How Avant-Guitar Godfather Sonny Sharrock Reconciled Terror and Beauty
Questlove’s new Summer of Soul doc is a trove of incredible footage, featuring extended clips of Sly and the Family Stone, Mavis Staples, Nina Simone, Stevie Wonder, and other icons at the height of their performing powers. But one of the film’s most striking sequences spotlights a lesser-known figure who shared the bill with these legends at 1969’s Harlem Cultural Festival: the guitarist Sonny Sharrock, seen convulsing and grimacing onstage as he wrings a gritty expressionist racket from his hollow-body ax during an appearance backing flutist Herbie Mann.
“With black musical expression, there’s a certain kind of release and catharsis,” the critic and musician Greg Tate says in the film, contextualizing the Sharrock clip. “There’s also rage; there’s also trauma. This notion of spirit possession from Africa gets translated into this horrific American experience. The artists connect with the pain. It’s like, ‘Yeah … I want you to feel who Sonny Sharrock really is right now.’”
Watching the film, you do feel who Sonny Sharrock really was, in the most visceral way, but after checking out this brief episode, you might be curious to learn more. He can be a hard figure to get a handle on, partly because any one glimpse of the guitarist — who died of a heart attack in 1994, at age 53 — tended to give you only a fragmentary idea of his artistic identity. On one hand, Sharrock was a staunchly perverse player, whose fierce, trilling right-hand attack (“the buzzsaw, the rip,” he once called it) and stun-blasts of cacophony were his way of emulating the free-jazz saxophone pioneers such as John Coltrane, Pharoah Sanders, and Albert Ayler who were his greatest musical heroes. (In a 1989 interview with Ben Ratliff, Sharrock explained that he initially chose guitar over tenor saxophone only because he had asthma. “I’m a tenor player, man. I’ve always thought of myself as one,” Sharrock added. “I don’t like guitar, I don’t like it at all, and I’ve always been influenced by horn players.”)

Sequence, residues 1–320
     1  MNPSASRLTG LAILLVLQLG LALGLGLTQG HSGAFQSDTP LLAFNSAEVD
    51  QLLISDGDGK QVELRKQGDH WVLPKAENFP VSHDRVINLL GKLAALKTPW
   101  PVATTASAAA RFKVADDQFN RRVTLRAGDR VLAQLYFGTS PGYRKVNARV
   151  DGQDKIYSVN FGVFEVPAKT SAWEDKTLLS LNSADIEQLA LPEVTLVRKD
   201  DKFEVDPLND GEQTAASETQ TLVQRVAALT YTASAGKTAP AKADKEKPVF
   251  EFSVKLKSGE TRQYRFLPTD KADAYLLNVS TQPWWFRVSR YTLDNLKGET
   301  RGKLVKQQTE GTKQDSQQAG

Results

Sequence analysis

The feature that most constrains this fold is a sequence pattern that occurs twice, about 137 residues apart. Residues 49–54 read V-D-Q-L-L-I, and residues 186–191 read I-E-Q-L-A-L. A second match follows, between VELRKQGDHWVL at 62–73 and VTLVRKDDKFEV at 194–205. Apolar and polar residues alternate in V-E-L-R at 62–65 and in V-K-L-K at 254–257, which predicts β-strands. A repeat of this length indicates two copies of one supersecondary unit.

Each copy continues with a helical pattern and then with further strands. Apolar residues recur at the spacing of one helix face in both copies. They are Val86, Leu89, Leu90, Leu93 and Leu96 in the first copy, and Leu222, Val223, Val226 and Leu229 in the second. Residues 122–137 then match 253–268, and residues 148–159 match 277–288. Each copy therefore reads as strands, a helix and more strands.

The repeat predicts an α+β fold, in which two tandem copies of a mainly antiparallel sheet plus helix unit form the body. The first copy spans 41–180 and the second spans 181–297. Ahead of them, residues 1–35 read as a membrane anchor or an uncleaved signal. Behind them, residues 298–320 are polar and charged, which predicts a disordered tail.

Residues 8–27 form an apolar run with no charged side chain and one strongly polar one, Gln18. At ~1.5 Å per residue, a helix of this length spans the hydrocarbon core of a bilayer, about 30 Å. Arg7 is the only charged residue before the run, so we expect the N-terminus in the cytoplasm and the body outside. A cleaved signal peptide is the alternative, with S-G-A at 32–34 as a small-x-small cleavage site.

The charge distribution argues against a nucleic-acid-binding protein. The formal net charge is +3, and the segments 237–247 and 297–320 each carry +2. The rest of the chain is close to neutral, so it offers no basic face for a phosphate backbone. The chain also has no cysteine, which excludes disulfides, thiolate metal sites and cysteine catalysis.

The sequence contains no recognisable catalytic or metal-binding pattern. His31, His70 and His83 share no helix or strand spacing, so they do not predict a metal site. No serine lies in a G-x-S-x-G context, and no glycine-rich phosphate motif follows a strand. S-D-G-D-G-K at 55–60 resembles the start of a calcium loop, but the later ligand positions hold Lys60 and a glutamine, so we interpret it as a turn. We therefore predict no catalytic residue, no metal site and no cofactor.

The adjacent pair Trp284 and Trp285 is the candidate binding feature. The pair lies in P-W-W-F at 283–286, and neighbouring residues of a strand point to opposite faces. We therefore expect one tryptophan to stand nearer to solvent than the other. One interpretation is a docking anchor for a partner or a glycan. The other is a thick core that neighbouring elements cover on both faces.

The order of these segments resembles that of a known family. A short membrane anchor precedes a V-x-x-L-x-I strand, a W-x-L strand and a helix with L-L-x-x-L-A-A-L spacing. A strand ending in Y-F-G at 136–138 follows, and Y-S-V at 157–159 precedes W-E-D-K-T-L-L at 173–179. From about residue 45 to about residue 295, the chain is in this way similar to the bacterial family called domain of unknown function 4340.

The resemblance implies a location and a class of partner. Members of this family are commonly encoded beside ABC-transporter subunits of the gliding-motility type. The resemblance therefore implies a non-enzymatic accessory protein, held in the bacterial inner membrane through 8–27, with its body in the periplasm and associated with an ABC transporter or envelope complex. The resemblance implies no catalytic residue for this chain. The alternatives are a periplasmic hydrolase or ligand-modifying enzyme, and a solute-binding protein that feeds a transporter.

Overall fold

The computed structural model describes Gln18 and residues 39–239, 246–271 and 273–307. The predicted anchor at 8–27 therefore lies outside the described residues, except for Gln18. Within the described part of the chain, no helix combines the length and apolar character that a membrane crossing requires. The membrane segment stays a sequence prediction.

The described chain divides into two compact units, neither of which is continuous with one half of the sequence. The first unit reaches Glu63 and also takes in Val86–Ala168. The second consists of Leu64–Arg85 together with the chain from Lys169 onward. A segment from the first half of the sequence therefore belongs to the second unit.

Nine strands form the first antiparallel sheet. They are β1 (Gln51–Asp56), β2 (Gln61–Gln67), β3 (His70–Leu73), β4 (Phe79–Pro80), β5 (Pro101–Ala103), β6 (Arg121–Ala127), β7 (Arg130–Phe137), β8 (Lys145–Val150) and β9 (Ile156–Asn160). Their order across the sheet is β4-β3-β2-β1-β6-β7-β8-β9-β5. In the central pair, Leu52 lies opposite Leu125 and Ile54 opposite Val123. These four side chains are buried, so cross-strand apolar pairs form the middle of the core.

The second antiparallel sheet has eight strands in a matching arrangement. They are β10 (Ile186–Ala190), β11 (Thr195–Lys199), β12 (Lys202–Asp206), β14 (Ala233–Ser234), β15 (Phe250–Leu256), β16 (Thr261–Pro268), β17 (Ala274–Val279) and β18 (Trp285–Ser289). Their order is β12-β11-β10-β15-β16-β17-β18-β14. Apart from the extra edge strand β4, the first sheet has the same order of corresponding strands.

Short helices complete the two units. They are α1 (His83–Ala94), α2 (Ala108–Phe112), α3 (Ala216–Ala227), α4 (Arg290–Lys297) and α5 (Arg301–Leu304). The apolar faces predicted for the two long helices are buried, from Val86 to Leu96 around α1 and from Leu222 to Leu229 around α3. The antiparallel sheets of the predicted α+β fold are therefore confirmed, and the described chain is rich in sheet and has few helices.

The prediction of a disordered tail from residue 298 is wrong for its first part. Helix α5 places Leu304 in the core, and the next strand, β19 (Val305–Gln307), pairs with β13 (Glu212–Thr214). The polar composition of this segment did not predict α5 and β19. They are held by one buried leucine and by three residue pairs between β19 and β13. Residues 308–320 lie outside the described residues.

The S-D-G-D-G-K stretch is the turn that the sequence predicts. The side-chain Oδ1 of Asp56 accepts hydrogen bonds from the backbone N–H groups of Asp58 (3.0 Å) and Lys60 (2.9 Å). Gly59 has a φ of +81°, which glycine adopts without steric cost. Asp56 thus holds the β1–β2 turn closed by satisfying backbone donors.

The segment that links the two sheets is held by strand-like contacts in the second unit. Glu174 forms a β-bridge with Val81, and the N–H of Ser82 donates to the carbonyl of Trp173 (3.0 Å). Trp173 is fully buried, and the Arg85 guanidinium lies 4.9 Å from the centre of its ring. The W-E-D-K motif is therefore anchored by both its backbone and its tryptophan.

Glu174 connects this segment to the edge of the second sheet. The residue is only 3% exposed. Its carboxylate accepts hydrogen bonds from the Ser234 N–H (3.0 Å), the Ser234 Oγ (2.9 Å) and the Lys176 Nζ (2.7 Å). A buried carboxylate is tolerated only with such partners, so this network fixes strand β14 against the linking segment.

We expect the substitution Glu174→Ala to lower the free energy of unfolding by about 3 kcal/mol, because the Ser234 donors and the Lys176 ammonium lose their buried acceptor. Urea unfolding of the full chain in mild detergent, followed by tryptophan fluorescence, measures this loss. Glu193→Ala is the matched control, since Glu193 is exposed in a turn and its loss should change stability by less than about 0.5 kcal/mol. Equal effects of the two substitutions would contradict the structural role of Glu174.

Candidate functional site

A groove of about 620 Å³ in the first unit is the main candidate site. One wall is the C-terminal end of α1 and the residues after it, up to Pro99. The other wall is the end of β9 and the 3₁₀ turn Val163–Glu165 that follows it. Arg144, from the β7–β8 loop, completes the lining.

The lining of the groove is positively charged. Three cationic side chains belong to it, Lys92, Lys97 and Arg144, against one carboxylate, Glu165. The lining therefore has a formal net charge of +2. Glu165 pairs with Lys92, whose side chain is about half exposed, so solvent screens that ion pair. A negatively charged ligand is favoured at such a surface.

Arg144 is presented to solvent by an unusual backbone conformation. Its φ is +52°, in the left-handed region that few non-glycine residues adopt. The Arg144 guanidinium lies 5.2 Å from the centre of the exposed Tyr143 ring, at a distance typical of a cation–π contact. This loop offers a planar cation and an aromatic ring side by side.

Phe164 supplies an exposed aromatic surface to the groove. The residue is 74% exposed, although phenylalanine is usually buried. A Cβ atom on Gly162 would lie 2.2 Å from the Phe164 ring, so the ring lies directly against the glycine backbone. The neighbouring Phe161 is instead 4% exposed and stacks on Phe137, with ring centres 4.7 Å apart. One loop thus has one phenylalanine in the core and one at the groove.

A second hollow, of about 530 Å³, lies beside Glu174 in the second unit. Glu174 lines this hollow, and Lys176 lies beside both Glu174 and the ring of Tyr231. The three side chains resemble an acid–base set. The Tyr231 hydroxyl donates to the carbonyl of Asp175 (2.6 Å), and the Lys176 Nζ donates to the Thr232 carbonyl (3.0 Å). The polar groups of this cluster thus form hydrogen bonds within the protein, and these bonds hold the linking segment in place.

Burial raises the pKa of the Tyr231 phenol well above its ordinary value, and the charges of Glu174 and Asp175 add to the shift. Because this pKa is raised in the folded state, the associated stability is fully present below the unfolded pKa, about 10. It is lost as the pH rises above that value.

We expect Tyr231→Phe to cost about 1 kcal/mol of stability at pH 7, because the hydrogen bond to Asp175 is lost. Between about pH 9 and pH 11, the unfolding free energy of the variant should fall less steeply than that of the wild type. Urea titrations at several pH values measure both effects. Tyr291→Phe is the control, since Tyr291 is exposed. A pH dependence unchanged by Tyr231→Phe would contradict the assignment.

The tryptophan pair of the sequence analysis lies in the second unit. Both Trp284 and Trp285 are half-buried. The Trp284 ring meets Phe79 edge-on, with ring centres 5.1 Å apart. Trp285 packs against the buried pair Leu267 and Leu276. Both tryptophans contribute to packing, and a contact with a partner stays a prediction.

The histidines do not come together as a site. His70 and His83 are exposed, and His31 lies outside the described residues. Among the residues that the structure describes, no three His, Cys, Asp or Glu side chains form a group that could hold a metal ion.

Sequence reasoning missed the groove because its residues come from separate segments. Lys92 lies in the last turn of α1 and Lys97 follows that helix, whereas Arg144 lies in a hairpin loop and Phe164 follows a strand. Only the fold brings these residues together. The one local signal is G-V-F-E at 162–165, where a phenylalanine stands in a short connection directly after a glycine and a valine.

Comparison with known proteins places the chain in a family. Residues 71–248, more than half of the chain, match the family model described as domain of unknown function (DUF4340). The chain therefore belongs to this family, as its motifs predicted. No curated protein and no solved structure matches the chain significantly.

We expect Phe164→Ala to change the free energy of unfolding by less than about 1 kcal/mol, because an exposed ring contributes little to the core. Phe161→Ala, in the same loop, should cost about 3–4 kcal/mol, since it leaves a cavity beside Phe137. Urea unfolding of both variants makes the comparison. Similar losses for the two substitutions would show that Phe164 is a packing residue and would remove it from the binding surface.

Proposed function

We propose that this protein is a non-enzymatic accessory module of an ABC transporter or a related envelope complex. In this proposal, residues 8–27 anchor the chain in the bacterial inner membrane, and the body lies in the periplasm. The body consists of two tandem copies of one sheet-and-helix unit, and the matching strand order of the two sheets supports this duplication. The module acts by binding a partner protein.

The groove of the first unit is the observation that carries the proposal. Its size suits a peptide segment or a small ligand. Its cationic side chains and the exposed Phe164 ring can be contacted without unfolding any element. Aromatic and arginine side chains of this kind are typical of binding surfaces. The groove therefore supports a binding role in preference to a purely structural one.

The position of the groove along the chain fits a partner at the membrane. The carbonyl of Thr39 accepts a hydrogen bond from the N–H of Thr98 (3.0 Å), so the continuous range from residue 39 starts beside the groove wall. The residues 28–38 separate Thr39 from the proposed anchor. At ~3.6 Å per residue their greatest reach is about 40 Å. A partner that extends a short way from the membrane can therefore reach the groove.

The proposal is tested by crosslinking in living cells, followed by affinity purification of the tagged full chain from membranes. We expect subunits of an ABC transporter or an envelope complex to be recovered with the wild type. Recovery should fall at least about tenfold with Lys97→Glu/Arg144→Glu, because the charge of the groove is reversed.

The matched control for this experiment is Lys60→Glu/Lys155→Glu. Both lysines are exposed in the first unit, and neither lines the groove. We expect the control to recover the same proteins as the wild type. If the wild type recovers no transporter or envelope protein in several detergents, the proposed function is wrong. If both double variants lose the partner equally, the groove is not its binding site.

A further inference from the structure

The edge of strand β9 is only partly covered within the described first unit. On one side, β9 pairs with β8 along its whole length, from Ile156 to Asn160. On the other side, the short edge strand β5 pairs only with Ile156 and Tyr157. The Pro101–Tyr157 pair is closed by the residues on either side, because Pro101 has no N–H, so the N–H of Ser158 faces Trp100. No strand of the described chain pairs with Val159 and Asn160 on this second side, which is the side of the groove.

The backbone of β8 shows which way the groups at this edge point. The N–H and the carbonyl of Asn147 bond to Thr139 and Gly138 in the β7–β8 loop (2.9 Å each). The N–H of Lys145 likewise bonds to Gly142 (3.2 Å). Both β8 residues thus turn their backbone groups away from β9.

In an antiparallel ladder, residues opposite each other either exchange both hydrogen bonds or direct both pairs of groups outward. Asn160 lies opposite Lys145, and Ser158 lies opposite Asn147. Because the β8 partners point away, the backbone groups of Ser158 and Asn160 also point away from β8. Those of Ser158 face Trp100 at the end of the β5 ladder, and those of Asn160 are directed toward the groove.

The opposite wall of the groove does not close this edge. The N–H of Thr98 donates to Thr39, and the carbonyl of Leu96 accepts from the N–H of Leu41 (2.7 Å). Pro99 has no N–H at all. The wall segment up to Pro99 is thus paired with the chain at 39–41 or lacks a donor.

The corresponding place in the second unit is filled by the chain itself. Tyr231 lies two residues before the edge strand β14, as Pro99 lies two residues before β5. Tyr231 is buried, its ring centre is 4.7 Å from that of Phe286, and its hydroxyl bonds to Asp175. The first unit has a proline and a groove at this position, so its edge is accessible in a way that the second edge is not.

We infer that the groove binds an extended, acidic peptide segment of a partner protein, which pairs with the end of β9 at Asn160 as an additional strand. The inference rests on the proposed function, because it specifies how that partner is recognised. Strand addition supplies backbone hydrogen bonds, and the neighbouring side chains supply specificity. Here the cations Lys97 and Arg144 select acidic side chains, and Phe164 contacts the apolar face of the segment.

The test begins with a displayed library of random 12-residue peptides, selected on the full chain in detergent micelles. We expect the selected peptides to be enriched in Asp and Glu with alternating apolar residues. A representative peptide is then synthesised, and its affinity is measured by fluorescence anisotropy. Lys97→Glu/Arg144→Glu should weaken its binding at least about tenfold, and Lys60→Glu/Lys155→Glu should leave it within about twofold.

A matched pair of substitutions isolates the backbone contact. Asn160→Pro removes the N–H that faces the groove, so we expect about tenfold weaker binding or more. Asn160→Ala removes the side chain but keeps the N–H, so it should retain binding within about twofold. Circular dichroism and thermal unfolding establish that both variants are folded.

But much like Ayler, Coltrane, and Sanders — with whom Sharrock made his recorded debut, on 1967’s Tauhid — the guitarist also had a deep fascination with soul-stirring melody. He grew up singing doo-wop, and his first album as a leader, 1970’s Black Woman, which featured his then-wife Linda on alternately soothing and shrieking vocals, featured its share of folky, hummable themes. The producer of that album was Mann, the jazz-meets-R&B flutist in whose otherwise amiable-sounding band Sharrock served as a welcome fly in the ointment for several years in the late Sixties and early Seventies; asked about his fondness for Sharrock, Mann once said, “Lots of people say they can’t understand how Sonny Sharrock can be in my band. The only reason for them saying that is: possibly they think that when you’re a bandleader you expect all your children to be brought up in your exact image. Which just shows that people and critics don’t know anything about individuals.”
In this same period, Sharrock also recorded with Roy Ayers and Wayne Shorter, and made an uncredited appearance on Miles Davis’ early fusion landmark Jack Johnson. And from the mid-Eighties through the early Nineties — when he often gigged with saxophonist Peter Brötzmann, bassist Bill Laswell, and drummer Ronald Shannon Jackson in the brilliantly boorish noise-jazz supergroup Last Exit — he was riffing on gemlike original tunes on his revelatory multi-tracked solo album Guitar and flirting with glossy pop on the charming Sonny Sharrock Band release Highlife.